Tuesday, September 18, 2012
Constitution Day celebration is a real
‘Yankee Doodle’ dandy at middle school
By Tammy Lane
Fayette County Public School
Crawford Middle School in Lexington rolled out the red, white and blue carpet for Constitution Day, celebrating with the mayor, Miss Kentucky and members of historic groups who trace their lineage back to Revolutionary War times.
“We talk about government, but sometimes it doesn’t seem real to the students. I wanted to make an effort to show them real people,” said social studies teacher Margaret Van Hook, who planned the Sept. 17 schoolwide assembly.
(Photos from FCPS)
Among the guests were Margie Shelton from the Bluegrass Chapter of the Daughters of the American Colonists, who donated small flags for each student; Sarah Hamilton from the Lexington Chapter of the Daughters of the American Revolution, who brought Preamble bookmarks for everyone; and Amanda McNew from Woodmen of the World, who presented a new U.S. flag and a 1776 flag for the gym. At the start of the program, a handful of men from the Lafayette Chapter of the Sons of the American Revolution – dressed in period costumes – presented the colors.
Mayor Jim Gray noted how the town of Lexington was settled in 1775, before the Declaration of Independence and the U.S. Constitution, and he mentioned two particular amendments: the First, which guaranteed freedom of speech; and the Thirteenth, which abolished slavery.
“We’ve experienced wars and really big problems, yet over that long span of time, our government has stayed together,” said Gray, who studied American history in college. “So much was wrapped around this framework of our Constitution.”
In a class sing-off, the sixth-graders won with “Yankee Doodle Dandy” and enjoyed a Constitution birthday party at the end of the school day.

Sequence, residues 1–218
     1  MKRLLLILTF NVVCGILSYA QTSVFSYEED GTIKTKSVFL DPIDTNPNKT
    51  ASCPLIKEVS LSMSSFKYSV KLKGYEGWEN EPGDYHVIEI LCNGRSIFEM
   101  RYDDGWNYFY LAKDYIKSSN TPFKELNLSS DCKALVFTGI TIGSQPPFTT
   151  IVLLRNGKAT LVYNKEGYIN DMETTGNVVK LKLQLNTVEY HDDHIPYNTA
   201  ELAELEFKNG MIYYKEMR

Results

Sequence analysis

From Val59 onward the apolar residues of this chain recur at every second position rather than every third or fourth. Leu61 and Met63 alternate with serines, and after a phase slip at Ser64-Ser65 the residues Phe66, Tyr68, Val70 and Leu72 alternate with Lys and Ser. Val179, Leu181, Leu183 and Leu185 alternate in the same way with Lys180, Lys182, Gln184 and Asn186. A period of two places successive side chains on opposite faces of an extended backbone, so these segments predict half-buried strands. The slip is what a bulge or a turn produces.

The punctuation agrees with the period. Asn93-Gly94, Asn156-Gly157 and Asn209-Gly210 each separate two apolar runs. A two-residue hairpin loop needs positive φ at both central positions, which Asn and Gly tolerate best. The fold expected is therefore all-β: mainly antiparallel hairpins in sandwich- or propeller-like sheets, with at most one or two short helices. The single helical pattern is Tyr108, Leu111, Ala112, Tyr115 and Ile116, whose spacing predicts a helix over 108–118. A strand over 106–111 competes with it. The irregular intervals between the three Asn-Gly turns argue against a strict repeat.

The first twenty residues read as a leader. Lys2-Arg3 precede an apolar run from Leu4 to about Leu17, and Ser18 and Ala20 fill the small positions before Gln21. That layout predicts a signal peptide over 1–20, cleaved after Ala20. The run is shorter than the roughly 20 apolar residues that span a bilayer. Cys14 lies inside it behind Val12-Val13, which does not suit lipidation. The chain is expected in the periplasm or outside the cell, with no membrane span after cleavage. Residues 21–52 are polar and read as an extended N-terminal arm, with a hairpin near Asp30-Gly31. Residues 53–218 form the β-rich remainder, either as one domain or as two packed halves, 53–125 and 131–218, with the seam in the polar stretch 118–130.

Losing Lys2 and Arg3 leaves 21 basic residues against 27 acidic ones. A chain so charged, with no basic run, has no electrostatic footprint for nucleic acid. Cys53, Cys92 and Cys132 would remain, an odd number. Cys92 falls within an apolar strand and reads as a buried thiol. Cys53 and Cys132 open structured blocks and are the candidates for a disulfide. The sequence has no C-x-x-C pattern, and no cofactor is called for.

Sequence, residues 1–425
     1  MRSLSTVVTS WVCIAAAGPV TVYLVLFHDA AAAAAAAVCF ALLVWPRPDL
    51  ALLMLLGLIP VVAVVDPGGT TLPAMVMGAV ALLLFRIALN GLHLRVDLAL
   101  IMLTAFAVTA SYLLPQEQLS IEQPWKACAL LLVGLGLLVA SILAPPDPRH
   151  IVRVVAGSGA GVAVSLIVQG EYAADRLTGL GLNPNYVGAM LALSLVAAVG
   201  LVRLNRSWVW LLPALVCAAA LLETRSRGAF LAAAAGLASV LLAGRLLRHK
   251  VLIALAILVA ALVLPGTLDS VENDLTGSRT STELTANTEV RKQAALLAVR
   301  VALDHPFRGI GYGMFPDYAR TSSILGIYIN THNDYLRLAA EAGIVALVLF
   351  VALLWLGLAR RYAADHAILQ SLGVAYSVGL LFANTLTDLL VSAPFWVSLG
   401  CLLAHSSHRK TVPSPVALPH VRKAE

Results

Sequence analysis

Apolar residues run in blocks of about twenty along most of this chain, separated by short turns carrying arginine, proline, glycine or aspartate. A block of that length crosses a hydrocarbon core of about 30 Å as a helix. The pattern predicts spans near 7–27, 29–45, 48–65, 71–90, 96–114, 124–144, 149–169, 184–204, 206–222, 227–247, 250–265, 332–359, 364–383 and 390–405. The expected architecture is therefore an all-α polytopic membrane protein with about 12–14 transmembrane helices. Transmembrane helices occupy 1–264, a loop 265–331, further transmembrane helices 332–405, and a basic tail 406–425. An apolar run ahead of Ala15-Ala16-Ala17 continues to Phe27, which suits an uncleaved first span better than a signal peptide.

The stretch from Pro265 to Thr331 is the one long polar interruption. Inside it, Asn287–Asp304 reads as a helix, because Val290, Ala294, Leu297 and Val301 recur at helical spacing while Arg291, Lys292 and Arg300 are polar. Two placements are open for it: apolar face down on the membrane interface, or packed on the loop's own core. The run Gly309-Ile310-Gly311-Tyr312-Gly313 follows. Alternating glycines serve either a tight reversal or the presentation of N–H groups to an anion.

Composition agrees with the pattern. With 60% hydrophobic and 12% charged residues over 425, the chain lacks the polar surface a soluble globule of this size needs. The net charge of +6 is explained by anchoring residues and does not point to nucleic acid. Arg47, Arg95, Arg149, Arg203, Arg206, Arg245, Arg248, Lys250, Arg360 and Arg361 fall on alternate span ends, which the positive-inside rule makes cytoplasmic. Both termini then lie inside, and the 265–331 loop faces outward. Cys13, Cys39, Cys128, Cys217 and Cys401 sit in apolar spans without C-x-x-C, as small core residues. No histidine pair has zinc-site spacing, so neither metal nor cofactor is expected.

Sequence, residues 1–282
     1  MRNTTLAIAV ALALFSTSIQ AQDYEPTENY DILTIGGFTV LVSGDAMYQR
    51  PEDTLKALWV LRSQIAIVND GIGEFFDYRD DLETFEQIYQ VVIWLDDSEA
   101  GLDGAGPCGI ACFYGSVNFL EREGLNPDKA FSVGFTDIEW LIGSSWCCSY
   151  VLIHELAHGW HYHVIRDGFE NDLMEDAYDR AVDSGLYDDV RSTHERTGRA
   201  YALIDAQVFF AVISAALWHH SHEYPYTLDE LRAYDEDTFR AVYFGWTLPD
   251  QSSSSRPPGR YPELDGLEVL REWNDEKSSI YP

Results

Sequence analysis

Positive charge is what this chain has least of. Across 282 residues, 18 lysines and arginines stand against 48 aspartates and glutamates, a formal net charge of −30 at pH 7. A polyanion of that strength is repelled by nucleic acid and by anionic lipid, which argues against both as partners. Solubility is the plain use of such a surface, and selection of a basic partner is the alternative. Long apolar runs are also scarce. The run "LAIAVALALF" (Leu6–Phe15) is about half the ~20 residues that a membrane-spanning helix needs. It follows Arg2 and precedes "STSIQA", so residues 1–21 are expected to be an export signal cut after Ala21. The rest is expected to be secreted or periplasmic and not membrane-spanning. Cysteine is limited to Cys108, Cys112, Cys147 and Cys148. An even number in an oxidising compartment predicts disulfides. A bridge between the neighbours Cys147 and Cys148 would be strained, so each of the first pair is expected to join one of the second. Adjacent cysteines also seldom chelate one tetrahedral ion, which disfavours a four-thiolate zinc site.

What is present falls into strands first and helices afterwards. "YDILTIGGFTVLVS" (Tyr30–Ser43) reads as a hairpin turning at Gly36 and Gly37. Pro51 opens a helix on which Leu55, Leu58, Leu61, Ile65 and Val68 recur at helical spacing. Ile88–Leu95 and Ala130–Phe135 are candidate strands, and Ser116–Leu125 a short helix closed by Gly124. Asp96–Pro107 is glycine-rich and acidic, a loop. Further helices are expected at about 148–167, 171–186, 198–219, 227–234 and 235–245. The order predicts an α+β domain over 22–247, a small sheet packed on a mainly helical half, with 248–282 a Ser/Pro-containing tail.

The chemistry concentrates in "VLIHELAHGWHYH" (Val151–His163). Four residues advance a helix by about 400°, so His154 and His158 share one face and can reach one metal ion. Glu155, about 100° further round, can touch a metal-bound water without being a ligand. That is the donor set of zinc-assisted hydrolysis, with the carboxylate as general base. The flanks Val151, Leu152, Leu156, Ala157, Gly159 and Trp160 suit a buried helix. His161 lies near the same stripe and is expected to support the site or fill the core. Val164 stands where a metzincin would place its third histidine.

“We went over the songs and what they meant,” said JaLeesa Haddix, whose classmates bested the seventh-graders’ “This Land is Your Land” and the eighth-graders’ “My Country ’Tis of Thee.”
A group from the Diana Evans School of Dance performed two numbers – one to Beyonce’s version of the National Anthem and one a hip-hop dance to “What Does the Constitution Do?” Earlier, Miss Kentucky Jessica Casebolt sang the National Anthem and led students in the Schoolhouse Rock rendition of “We the People.”
“In elementary and junior high, the Constitution was one of my favorite things to study,” said Casebolt, now a political science major at Georgetown College.
Since the Constitution only comes up in eighth-grade curriculum in second semester, Crawford teachers prepared all their students with mini lessons in the past few days. Most focused on the Preamble, the seven articles and the Bill of Rights. They also talked about representative government and the fact that the mayor is an elected local leader.
According to Principal Mike Jones, the intent of Constitution Day was to help students understand “the skeleton of the United States, the backbone that makes us what we are.”
“We’ve been through a lot of struggles, but at the end of the day, we’re still standing and it’s because of that great document. It gives us the freedoms and rights we have today,” Jones said.